THE SET-UP is just what it sounds like. If you have not gotten sign-off regarding basic deal points in the honeymoon phase, you will have to do that here. My suggestion is that you begin by asking all parties to articulate the deal points that are important to them in writing. No need to take a position or try to draft anything yet, just have everyone document what elements they think ought to be considered in the process. Then, you can drill into specifics.

FALL-OUT POINT: Inevitably, you will reach a fall-out point—when it does not look like the deal is going to or should happen. Not a reason to be concerned—just about every deal gets there. But, if you know it is coming, it won’t freak anyone on your team out. You have two real constructive options: (1) Take the challenging issue up to the decision makers to resolve before you head forward or (2) Reserve judgment on the troubling issue and see if you can find agreement on everything else. In most cases, I suggest the second approach. That way you do not derail the train (or slow it down). There will likely be a few major challenging issues in every deal. If you get everything else done, you will be able to look at those challenging points in context and decide if there is a creative resolution.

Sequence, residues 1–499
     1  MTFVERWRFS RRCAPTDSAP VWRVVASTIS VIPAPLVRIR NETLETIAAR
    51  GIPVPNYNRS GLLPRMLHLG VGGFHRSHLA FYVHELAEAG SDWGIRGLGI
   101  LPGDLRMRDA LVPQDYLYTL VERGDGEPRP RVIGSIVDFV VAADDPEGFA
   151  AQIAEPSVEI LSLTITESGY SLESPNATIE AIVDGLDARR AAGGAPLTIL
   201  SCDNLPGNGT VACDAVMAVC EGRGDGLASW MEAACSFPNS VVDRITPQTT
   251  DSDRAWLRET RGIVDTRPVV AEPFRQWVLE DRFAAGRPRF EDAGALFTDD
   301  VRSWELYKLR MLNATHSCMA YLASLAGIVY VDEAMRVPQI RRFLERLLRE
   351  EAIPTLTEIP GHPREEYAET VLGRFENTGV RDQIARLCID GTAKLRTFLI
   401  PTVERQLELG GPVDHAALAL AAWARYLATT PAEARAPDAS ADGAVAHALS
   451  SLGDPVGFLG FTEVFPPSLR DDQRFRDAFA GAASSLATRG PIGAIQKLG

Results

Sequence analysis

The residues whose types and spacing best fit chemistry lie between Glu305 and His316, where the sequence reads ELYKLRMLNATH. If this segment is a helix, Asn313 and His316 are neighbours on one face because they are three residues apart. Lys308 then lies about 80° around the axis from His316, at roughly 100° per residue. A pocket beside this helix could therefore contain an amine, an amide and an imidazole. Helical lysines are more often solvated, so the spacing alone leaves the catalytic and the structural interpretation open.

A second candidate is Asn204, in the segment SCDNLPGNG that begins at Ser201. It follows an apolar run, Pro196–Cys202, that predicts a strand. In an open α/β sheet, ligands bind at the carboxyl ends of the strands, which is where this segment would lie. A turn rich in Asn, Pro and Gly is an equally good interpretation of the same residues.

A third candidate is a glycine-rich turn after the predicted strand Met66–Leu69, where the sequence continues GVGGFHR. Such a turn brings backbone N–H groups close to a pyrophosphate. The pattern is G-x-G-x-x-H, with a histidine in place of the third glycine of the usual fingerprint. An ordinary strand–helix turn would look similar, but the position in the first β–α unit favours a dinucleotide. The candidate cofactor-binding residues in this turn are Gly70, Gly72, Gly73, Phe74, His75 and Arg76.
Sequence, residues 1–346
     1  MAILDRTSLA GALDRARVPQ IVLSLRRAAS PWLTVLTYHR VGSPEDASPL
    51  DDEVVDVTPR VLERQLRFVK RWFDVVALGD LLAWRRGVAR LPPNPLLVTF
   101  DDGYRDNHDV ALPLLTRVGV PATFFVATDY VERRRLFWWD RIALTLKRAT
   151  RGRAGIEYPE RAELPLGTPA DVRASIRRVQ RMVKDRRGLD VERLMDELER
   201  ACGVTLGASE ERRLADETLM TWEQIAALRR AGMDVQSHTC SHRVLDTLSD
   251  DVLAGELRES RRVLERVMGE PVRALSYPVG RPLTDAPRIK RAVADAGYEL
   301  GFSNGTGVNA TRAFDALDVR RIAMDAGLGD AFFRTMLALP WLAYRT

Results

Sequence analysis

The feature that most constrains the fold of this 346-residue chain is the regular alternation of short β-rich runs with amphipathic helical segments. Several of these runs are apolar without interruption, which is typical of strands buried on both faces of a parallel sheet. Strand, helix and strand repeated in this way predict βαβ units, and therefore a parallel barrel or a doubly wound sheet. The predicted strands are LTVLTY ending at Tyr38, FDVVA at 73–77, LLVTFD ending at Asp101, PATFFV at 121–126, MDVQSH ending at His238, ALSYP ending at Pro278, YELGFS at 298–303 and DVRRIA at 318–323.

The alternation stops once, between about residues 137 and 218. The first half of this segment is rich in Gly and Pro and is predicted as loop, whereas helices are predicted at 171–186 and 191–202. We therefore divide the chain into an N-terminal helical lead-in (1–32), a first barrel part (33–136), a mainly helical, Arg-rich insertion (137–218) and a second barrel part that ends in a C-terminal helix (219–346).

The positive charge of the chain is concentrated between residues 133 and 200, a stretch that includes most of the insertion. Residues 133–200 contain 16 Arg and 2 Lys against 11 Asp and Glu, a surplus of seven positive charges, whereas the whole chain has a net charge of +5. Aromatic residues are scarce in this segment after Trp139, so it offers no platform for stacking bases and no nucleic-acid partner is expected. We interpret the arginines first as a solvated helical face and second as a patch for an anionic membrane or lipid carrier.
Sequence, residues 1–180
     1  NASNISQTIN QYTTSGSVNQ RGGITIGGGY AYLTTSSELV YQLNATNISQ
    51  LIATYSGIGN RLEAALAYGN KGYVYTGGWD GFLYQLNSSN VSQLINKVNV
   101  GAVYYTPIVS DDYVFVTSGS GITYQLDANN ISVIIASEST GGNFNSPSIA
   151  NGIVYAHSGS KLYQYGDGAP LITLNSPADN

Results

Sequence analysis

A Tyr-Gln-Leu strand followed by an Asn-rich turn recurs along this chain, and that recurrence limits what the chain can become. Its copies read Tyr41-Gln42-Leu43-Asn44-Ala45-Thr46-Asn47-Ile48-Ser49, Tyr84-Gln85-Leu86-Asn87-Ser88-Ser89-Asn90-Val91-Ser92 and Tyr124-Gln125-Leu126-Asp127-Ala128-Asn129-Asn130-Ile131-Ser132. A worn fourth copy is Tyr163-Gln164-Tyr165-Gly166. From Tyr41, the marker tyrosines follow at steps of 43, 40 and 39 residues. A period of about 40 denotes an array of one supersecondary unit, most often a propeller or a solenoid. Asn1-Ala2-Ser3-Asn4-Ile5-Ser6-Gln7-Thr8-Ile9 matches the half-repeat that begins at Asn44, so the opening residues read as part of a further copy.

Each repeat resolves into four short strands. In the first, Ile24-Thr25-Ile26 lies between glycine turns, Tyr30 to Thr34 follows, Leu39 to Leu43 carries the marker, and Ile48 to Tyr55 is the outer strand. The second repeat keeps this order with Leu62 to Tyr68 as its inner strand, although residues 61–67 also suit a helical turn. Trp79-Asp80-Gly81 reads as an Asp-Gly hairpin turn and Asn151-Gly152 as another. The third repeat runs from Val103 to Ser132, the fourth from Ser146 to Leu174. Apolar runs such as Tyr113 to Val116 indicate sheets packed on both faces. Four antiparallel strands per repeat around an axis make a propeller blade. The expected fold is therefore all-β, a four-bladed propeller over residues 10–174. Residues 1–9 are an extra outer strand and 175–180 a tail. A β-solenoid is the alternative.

INTERVENTION: It will likely take intervention by the decision makers at least once before a deal can happen. I think it is very helpful to limit the number of times an intervention is required. Inevitably, interventions eat up precious time and present additional opportunities to end the deal. Your best strategy is to line those big issues up and address them all at once. Inevitably, big deal issues are always intertwined. If the decision-makers get a chance to look at all the remaining big issues together, there is a chance to manage expectations and balance losses on one issue against gains on another.

DEAL OR NO DEAL: And, finally, there will inevitably come a time when one or both sides are done with the deal making process. This is the “take it or leave it” moment. When you get there, don’t be scared of it. Make sure that, indeed, this is that moment (i.e. that negotiations will not solve the problem quickly), then throw yourself on the mercy of the court and see if it happens. If it does not come back to you, it was never yours ….

RHYTHM: I suppose the last over-arching thought I have regarding the rhythm of a deal is that the rhythm is always changing. As you work on each issue and deal point, you need to constantly monitor the rhythm to make sure that factors beyond your control do not vex and overshadow the reason that you decided to start negotiating a deal. And, if you play the rhythms of the deal, you have a much better chance of hitting the ground running under the agreement—because all sides will be less affected by the challenges of the deal making process.


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Comments (2)

Steve Lipscomb is so brilliant. His overview of the deal making process is objective, wise and effective. I've seen so many deals go south when ideas like Lipscomb presents are not employed. In fact, I'm going to use his article in my upcoming UCLA Extension course "The Business of Acting" (S5167).

Chief Disciple of Poker:

Freeing Shauna Hiatt to go to NBC was a noble move.
You will benefit still in the DVD aftermarket.